Source: Traffic Director: global traffic management for open service mesh from Google Cloud
At Next ’19 last week, we announced Traffic Directorfor service mesh, bringing global traffic management to your VM and container services. We also gave you a glimpse of Traffic Director’s capabilities in our blog. Today, we’ll take it a step further with a deep dive into its features and benefits.
At its core, a service mesh provides a foundation for independent microservices that are written in different languages and maintained by separate teams. A service mesh helps to decouple development from operations. Developers no longer need to write and maintain policies and networking code inside their applications, they move into service proxies, such as Envoy, and to a service-mesh control plane that provisions and dynamically manages the proxies.
“Traffic Director makes it easier to bring the benefits of service mesh and Envoy to production environments,” said Matt Klein, creator of Envoy Proxy.
Traffic Director is Google Cloud’s fully managed traffic control plane for service mesh. Traffic Director works out of the box for both VMs and containers. It uses the open source xDS APIs to communicate with the service proxies in the data plane, ensuring that you’re never locked into a proprietary interface.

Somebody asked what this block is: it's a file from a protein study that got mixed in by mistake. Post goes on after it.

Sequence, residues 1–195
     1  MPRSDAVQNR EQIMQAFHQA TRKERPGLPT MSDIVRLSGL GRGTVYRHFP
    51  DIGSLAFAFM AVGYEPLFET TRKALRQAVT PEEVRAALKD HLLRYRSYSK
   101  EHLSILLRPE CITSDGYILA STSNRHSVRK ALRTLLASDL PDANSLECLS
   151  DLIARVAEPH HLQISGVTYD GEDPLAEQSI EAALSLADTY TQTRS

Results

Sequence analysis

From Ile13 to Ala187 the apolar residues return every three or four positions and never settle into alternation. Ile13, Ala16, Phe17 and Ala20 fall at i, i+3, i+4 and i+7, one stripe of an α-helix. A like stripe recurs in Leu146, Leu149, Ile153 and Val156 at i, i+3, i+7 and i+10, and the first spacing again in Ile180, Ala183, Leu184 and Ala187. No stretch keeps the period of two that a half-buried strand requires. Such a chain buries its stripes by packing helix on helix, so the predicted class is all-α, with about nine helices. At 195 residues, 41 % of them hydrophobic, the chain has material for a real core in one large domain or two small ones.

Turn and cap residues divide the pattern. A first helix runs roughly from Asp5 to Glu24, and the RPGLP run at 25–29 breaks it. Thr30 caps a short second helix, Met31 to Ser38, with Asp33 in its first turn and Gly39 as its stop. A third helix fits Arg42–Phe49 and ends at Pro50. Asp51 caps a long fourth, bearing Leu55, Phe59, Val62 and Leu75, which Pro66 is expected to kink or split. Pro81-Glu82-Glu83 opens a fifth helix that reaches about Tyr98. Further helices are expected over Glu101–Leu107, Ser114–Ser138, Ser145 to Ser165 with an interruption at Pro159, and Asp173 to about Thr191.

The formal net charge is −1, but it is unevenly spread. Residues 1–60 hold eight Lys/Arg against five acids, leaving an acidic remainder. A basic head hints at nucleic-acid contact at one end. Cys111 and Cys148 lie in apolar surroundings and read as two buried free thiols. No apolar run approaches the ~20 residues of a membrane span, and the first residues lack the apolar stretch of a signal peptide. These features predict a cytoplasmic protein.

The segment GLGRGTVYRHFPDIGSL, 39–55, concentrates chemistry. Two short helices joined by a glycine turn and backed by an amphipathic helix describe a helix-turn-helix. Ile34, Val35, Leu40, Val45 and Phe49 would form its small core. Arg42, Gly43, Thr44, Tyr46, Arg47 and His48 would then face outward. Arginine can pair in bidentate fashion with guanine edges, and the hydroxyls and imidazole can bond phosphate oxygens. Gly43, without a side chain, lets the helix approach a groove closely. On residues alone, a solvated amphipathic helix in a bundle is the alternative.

Many of you use Google’s global load balancing for your internet-facing services. Traffic Director brings global load balancing to internal microservices in a service mesh. With global load balancing, you can provision your service instances in Google Cloud Platform (GCP) regions around the world. Traffic Director provides intelligence to the clients to send traffic to the closest service instance with available capacity. This optimizes global traffic distribution between services that originate traffic and those that consume it, with the shortest round-trip time (RTT) per request.
If the instances closest to the client service are down or overloaded, Traffic Director provides intelligence to seamlessly shift the traffic to a healthy instance in the next closest region.
Large service meshes can generate a large amount of health-checking traffic, since every sidecar proxy has to health-check all the service instances in the service mesh. As the mesh grows, having every client proxy health-check every server instance creates an n2 health-checking problem, which can become an obstacle to growing and scaling your deployments.
Traffic Director solves this by centralizing health-checks, where a globally distributed, resilient system monitors all service instances. Traffic Director then distributes the aggregated health-check results to all the proxies in the worldwide mesh using the EDS API.
Traffic Director enables autoscaling based on the load signal that proxies report to it. Traffic Director notifies the Compute Engine autoscaler of any changes in traffic and lets autoscaler grow to the required size in one shot (instead of repeated steps as other autoscalers do), decreasing the time it takes for the autoscaler to react to traffic spikes.